A popular option for small businesses like clothing boutiques that combines Commercial General Liability insurance with Commercial Property insurance, usually at a cheaper price than if the two were purchased separately.

    3 Practical Ways to Reduce Your Insurance Costs as a Woodworker

    Woodworking is an inherently risky profession.  This is because you’re often working with flammable materials and machinery that have the potential to harm yourself, others, and your shop.  Because of its risk, this makes insurance rates more expensive.

    That said, here are a few steps you can take – according to Wood and Woodshop News that may help reduce your insurance costs:

    Tip #1: Don’t bring customers into your shop.

    The most obvious reason for this is because if you do, that means there is a chance for accidents and injury.  Basically, if you have a stringent policy that stops customers from entering your shop, it’ll help reduce your insurance costs.

    Tip #2: Keep your workspace tidy.

    Yes, it’s really that simple, because an untidy workspace means more risk of injury.  Keeping that in mind, it’s important to make sure you clean up your tools and your workspace – even the sawdust.

    Tip #3: Implementing safety precautions in your space.

    You can install a sprinkling system in the event of a fire, as well as posting an escape plan.  In addition, having an electrical inspection is another route you can take to make sure everything is up to code and grounded.  Even storing finishes in a fire vault or separate area is another good way to knock down your insurance costs.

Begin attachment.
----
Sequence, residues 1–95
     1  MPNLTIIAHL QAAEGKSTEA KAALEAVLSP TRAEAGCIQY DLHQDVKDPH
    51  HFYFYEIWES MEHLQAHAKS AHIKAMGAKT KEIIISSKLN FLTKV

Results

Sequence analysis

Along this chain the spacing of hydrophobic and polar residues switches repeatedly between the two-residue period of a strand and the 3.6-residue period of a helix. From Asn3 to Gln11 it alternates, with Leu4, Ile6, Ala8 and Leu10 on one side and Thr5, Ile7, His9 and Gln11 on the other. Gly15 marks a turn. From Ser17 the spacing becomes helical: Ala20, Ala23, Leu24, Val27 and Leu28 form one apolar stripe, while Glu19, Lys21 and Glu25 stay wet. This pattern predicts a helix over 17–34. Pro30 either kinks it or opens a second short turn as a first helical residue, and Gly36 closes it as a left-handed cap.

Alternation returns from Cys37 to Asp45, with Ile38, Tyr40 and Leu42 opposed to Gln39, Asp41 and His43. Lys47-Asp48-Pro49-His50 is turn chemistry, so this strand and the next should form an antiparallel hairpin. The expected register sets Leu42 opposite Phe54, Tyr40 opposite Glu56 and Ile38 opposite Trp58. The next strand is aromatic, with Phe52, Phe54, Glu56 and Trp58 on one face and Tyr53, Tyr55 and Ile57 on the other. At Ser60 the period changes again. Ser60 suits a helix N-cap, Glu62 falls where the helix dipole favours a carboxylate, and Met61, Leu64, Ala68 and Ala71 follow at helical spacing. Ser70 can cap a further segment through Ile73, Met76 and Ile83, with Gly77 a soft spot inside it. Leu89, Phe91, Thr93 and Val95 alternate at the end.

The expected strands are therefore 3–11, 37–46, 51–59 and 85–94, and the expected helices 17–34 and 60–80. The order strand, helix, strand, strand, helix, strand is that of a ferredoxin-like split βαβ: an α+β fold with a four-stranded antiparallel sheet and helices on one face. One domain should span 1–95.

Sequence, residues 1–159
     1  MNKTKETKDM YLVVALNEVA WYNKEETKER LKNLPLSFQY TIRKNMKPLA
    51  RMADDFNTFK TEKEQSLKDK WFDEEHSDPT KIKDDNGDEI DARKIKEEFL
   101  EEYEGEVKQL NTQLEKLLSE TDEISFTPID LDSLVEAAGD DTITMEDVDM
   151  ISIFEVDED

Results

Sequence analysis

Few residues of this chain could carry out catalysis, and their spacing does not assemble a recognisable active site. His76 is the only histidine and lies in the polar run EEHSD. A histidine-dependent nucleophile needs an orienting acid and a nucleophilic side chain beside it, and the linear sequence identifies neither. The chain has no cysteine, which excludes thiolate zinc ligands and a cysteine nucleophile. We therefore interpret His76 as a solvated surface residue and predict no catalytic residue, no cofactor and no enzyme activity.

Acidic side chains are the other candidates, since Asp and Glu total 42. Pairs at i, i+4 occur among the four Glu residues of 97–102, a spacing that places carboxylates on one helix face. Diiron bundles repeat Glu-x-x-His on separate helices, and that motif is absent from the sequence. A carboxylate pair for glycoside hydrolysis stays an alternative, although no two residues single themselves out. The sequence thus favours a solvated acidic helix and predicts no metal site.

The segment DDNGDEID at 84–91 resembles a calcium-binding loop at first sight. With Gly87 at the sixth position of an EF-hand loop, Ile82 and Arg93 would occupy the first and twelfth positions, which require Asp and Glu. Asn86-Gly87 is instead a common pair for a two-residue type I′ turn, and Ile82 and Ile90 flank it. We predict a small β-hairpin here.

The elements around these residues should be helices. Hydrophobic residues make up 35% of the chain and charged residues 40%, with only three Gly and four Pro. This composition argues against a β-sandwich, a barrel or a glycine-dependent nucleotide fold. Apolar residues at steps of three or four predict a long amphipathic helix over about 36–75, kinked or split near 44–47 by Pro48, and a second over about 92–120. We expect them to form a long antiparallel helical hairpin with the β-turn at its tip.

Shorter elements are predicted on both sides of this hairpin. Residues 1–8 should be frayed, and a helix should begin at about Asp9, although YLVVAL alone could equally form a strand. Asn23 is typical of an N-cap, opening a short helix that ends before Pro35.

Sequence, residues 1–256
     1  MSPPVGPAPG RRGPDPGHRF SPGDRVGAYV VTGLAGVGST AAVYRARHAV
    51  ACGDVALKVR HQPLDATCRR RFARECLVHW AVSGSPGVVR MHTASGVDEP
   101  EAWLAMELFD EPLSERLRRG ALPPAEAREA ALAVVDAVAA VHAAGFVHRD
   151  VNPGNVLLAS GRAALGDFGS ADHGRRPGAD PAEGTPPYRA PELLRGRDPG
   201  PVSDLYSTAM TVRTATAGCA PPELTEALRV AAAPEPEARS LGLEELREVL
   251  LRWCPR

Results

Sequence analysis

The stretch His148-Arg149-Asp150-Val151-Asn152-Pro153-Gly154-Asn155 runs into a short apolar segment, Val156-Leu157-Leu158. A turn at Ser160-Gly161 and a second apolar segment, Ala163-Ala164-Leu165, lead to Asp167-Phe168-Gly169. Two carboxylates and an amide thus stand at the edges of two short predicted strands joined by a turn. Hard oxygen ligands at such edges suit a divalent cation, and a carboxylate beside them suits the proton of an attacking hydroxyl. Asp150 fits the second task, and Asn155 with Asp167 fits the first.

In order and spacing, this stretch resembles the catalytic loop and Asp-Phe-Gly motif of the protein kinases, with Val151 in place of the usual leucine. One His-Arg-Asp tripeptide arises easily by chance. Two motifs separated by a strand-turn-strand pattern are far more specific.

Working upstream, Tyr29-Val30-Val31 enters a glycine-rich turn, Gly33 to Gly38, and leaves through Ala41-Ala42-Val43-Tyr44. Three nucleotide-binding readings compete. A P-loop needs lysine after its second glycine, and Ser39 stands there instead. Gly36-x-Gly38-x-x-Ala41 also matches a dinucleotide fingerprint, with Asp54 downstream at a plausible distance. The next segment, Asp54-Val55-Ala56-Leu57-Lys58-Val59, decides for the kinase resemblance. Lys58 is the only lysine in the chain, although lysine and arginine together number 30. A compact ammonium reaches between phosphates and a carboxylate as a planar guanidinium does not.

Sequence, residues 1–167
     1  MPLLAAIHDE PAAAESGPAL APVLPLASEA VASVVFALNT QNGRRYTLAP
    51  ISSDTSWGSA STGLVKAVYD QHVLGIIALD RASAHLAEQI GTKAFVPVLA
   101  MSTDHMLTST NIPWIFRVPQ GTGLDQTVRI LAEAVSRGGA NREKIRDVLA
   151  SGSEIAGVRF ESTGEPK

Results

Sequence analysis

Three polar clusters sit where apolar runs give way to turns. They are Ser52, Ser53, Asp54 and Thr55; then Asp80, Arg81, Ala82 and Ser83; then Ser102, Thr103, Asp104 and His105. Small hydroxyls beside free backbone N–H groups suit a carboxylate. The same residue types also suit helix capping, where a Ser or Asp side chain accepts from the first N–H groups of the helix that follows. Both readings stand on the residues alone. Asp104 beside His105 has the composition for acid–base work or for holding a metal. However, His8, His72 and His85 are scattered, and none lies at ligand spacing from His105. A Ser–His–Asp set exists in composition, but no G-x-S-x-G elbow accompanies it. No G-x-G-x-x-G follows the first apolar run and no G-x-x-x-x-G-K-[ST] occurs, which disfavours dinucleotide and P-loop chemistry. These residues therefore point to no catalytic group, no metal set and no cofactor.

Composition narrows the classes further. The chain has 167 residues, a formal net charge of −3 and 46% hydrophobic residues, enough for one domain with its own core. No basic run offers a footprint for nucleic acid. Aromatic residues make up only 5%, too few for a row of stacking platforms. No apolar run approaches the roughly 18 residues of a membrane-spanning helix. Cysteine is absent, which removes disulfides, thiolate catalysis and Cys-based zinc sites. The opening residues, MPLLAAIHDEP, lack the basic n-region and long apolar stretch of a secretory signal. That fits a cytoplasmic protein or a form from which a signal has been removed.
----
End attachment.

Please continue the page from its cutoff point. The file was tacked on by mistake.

Frequently Asked Questions

    Who does Woodworker's Business Insurance cover?

    We cover many types of woodworking professionals including (but not necessarily limited to):

    • Cabinet makers
    • Bench carpenters
    • Furniture finishers
    • Wood sawing machine operators
    • Wood sawing machine setters and tenders

    If I get injured while I'm working will I be covered by insurance?

    More likely than not, yes.  Your coverage is dependent on the type of Health Insurance policy you have.  If you want to learn about whether you’re covered or not check out our Health Insurance policy page here:

    Will I still be covered if a customer gifts my furniture to their friend and it breaks?

    Yes.  Even though the item was gifted, you would still covered under Commercial General Liability Insurance.

    If I do woodworking as a hobby do I still need to purchase insurance?

    This is really up to you.  Of course, coming from the eyes of an insurance company, we’ll always recommend that you purchase insurance.  If you do woodworking as a hobby and not a full-time job, it wouldn’t be necessary for you to purchase BOP Insurance, or any of the business insurance related policies.  Instead, we recommend looking into Professional Liability Insurance, which covers you as an individual worker.

    Will I still be covered by Woodworker's Insurance if my shop is run out of my home?

    Woodworker’s Insurance only covers you if you run a shop out of  a rented or paid-for facility.  However, if you run your business out of your home you may want to make a note of this in your Home Owner’s Insurance policy.  It’s here that you will be able to be covered for any incidents that go wrong.

    Do we insure people with many claims?

    Yes! We have select carriers for people who have many claims or a bad record.

    What payment methods do we accept?

    Payments through a mortgage, direct billing through mail, EFT (Bank Account), debit and credit cards.

    How can I file a claim?

     We strongly recommend calling us before the insurance carrier directly about a claim. You may not want to file a claim depending on your insurance plan. However, we will assist you in filing a claim the best way to make sure you take the least amount of damage possible to your insurance score. After talking with us, you can call the insurance carrier or let us call them for you.


    If you can’t find your answer here, please don’t hesitate to ask a representative through our messaging system or email.